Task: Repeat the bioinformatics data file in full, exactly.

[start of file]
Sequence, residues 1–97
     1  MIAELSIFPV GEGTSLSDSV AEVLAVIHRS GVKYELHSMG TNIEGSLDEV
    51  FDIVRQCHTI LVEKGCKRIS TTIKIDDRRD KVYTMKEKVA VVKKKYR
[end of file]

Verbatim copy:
Sequence, residues 1–97
     1  MIAELSIFPV GEGTSLSDSV AEVLAVIHRS GVKYELHSMG TNIEGSLDEV
    51  FDIVRQCHTI LVEKGCKRIS TTIKIDDRRD KVYTMKEKVA VVKKKYR